“The first steps are really focused on validating what others have found before, such as, is there an association between COVID-19, diabetes, and morbidity? What’s really great is that it’s a combination of clinicians, researchers, informaticists, and machine learning experts all working together to define those things. The degree of collaboration that we’re seeing is unprecedented,” Haendel said.
“The goal is to create predictive algorithms that can help inform clinical care. For example, deciding when to intubate somebody or when to use a particular drug. A lot of the investigations are focused on revealing predictive indicators, candidate drugs, or other co-occurring conditions that either exacerbate or protect against the disease.”
Developing strategies that will stand the test of time
In healthcare, the silver lining of the pandemic has been the wave of innovation and collaboration that soon followed. For this brief moment in time, it’s seemed the industry has started operating as a unified whole, and not as many different moving pieces.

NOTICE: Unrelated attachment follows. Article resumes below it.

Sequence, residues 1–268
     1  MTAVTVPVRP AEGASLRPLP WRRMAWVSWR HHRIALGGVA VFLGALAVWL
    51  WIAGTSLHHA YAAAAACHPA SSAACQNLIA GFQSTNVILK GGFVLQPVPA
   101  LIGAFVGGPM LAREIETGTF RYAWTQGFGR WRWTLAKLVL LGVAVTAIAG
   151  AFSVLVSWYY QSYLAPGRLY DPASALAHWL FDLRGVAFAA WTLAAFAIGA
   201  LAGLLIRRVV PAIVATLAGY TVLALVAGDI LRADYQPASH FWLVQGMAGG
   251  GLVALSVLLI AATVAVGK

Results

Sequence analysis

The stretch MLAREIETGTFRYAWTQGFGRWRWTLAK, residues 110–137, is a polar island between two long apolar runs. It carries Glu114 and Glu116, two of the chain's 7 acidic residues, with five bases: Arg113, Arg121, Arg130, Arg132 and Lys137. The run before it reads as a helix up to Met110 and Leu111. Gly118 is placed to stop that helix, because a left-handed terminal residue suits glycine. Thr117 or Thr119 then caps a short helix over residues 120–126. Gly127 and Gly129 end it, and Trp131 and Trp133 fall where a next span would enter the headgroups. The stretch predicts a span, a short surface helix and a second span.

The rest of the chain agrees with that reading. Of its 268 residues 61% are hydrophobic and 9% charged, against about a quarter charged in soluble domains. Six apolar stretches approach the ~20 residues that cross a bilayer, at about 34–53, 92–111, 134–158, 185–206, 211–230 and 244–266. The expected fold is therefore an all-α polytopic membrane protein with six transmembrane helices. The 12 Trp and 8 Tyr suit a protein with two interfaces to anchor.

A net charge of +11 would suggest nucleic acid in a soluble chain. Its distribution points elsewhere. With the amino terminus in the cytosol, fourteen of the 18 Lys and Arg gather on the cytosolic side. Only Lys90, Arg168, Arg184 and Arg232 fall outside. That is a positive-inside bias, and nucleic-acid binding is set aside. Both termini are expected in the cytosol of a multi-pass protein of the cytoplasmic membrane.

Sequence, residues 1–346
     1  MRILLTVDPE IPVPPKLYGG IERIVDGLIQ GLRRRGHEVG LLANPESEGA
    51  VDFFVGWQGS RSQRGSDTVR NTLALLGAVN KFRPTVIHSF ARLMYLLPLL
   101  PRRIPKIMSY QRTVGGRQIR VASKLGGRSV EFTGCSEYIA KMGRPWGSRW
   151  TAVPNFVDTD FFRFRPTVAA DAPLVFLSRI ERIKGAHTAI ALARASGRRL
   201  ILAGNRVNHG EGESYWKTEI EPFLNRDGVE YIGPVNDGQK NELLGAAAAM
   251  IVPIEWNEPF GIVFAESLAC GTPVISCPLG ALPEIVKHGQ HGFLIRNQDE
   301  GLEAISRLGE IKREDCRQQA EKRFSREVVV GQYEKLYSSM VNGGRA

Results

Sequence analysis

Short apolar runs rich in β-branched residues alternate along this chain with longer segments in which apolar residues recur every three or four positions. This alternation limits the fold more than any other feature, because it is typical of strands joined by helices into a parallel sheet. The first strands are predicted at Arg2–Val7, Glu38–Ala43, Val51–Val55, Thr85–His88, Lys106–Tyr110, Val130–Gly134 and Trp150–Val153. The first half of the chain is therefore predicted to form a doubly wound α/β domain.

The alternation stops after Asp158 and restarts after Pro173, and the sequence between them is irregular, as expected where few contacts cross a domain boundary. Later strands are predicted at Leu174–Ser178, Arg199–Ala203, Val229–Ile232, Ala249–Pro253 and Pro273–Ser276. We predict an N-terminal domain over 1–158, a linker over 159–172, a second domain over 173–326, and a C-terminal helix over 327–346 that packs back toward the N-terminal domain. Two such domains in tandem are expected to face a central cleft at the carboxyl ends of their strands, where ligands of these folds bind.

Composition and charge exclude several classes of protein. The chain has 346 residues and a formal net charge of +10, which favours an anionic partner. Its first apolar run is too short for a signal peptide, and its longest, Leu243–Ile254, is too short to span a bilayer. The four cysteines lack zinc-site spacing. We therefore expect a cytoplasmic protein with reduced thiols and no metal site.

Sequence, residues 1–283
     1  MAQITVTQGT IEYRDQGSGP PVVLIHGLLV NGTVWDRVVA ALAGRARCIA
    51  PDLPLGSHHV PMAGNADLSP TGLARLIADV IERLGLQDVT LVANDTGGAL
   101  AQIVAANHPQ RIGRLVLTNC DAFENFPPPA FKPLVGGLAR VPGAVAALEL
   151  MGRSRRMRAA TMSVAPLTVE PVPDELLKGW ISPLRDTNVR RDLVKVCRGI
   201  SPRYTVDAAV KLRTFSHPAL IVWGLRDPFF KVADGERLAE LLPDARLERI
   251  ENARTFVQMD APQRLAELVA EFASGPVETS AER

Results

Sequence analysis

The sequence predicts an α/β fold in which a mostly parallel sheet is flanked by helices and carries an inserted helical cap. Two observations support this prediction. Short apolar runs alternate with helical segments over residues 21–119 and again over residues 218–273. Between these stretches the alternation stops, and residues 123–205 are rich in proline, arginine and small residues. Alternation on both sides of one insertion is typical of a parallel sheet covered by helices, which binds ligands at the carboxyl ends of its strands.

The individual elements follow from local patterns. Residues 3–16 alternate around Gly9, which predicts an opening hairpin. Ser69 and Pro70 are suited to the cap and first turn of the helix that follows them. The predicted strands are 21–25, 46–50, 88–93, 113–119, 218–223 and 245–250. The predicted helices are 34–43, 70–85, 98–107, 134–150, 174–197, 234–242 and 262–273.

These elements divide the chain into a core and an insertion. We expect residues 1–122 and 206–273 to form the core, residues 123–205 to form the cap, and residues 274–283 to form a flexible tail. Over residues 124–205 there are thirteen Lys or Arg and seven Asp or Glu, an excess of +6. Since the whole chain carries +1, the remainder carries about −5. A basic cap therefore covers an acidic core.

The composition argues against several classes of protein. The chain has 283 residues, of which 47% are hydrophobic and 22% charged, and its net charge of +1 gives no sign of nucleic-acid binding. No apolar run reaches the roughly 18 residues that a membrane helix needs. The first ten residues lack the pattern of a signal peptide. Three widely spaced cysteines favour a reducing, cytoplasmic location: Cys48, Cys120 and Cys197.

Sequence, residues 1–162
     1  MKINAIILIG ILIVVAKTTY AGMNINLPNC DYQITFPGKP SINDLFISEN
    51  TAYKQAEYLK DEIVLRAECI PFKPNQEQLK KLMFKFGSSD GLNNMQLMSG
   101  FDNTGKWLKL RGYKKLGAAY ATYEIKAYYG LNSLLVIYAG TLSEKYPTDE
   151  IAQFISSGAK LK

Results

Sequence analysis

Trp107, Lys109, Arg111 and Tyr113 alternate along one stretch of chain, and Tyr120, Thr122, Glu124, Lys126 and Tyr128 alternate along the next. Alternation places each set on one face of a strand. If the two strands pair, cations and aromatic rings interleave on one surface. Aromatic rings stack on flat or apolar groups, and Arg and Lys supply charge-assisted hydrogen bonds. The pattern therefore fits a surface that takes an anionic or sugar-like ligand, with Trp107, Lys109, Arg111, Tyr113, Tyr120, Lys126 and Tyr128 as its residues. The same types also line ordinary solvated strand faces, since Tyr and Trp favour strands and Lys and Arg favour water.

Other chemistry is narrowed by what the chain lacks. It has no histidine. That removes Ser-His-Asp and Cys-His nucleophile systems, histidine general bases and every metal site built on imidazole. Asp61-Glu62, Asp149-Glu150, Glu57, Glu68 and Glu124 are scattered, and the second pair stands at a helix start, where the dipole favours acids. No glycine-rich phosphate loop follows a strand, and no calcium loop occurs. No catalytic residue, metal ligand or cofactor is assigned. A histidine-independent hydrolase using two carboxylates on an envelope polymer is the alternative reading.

The challenge will lie in extending this brief moment beyond COVID-19 and into the future.
“There has been so much advancement in data sharing because of the COVID-19 pandemic. There are so many tools that have been developed,” Santora said.
“We’ve seen a fundamental shift, and moving forward, we need data harmonization across the board because of these concerted efforts. We’ve seen this with vaccines and how rapidly they have been developed. And that can only happen with communication and data sharing in order to meet this common goal.”
Research partnerships, which have played a major role in the pandemic, will greatly benefit the industry going forward. Patients could also have a part in improved data sharing and decision-making, Mathew said.
“On the research side, there’s a lot of emphasis now on team science, and much more collaboration between data science and clinical and molecular research. The pandemic has instilled dependency and a spirit of team science amongst all players. And some people are very interested in day-to-day learning from the data. That’s a trend that I hope and think will continue,” she stated.
More patient-centric data sharing would also benefit the close-knit ecosystem, she added.